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  • Parroting and the Periodical: Women’s Speech, Haywood’s Parrot, and Its Antecedents
  • Manushag N. Powell (bio)

In July 1709, the Female Tatler, a gossipy and moralizing periodical, ran the following notice:

A very agreeable young Lady at Epsom, having made Complaint that an impudent Parrot, on Clay-hill, whenever she happens to pass by, is always bawling, When did you see Captain Thumper, Oh! the dear Captain, the pretty, pretty Captain, till she was forc’d to remove her Lodgings, tho she knows not, nor ever heard of any such Captain. The Gentleman believes the Parrot meant her no Affront, humbly begs her Pardon, and henceforward, Poll shall have less Victuals than formerly, that he may not be so very Pert, and be hung next to the Garden instead of the Street.1

Although the gentleman owner faults the parrot, the reader might well conclude either that the “very agreeable young Lady” is really a bit of a fool for not comprehending the aimlessness of the parrot’s blather, or that one of the humans involved protests too much.2 It is not, and probably cannot, be known whether this is indeed a genuine apology from a reader of the Female Tatler, or whether it is simply a humorous composition by the periodical’s author, a figure styled under the persona of “Phoebe Crackenthorpe, a lady that knows everything.”3 The notice is thus plausible to the modern reader both as a credible vignette of eighteenth-century life, and as a literary creation whose main thrust is not very complimentary to women.4 Furthermore, the parrot in the notice, though belonging to a man, is aligned with women’s speech in its ceaseless repetition of a potentially damaging piece of gossip.

This “parrot note” demonstrates a number of connections among women, speech, periodicals, and parrots. Two issues stand opposed to each other: women, as publishers, authors, and readers, were indispensable contributors to the periodical scene in eighteenth-century England.5 However, professional authorship was nonetheless imagined to be a matter for men, at least at its best. Therefore, when the feminine is invoked in discourses of periodical authorship, it is most often a vehicle for complaint: the idea is that periodicals are so proliferate and so vapid as to mimic women’s speech, with gossip masquerading as didacticism. A graphic 1752 reference to “those Menstrual Eruptions from the Press, called Magazines” showcases [End Page 63] this unfortunate link, particularly since it appears in a work purportedly written by one man against another.6 Periodicals, which frequently figure themselves (if not their competitors) as literary endeavors, tend often to associate women with speech that is low, nonedifying, rhetorically unsophisticated, gossipy—the sort of thing, in short, one expects from a parrot.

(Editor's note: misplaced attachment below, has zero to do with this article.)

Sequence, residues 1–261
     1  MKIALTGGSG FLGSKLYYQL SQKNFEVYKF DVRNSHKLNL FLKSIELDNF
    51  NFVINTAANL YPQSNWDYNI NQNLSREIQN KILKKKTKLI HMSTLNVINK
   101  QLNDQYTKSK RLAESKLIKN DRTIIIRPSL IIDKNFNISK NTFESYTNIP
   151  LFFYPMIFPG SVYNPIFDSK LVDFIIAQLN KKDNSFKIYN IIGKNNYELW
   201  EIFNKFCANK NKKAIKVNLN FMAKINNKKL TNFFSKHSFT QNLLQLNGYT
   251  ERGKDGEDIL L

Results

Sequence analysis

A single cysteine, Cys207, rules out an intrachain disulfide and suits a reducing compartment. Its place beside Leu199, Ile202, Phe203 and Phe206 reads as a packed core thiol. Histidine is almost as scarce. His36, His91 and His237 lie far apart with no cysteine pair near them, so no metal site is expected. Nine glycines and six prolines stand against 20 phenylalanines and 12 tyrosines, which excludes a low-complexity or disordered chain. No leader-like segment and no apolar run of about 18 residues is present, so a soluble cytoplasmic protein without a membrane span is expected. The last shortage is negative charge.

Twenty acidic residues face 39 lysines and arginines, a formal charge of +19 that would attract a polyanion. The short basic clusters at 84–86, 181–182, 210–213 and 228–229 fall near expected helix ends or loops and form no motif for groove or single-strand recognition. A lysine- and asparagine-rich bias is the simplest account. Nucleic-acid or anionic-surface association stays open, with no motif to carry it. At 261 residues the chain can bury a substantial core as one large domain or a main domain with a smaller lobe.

Valued for its beauty as well as ability, the parrot was renowned for speaking articulately, but without sense or discrimination, and for this reason became a common deprecatory metaphor for threatening figures of alterity like social climbers, racial “others,” and women who speak out or write improperly. Although obviously an exotic pet, the talking parrot, rather like the woman author, was by no means an unheard-of phenomenon in either life or literature of eighteenth-century England. Of course, challenges were occasionally mounted against this long-standing connection. Eliza Haywood’s periodical, the Parrot, with a Compendium of the Times,7 is an exception to the misogynistic parrot tradition, wherein she cleverly invokes the talking parrot in a genre that is already specifically enabled by the metaphor of the female voice. Although hampered by social conventions that increasingly treated certain kinds of speech (political, for example, not to mention public) as outside the natural province of women, feminine speech (tattling, prattling, prating, babbling) was, paradoxically enough, often invoked in the periodicals that admonished and shaped that society. As a modern critic notices, “Rhetorically feminine periodicals employ women personae, or eidolons, symbolically to represent both generic affiliation and the relationship between publication and the public sphere” (Osell, p. 283).8 The existence of this posture of rhetorical (artificial) femininity is what allows the seeming contradiction that, in Rachel Carnell’s words, “Eliza Haywood advised women, in her conduct books, to...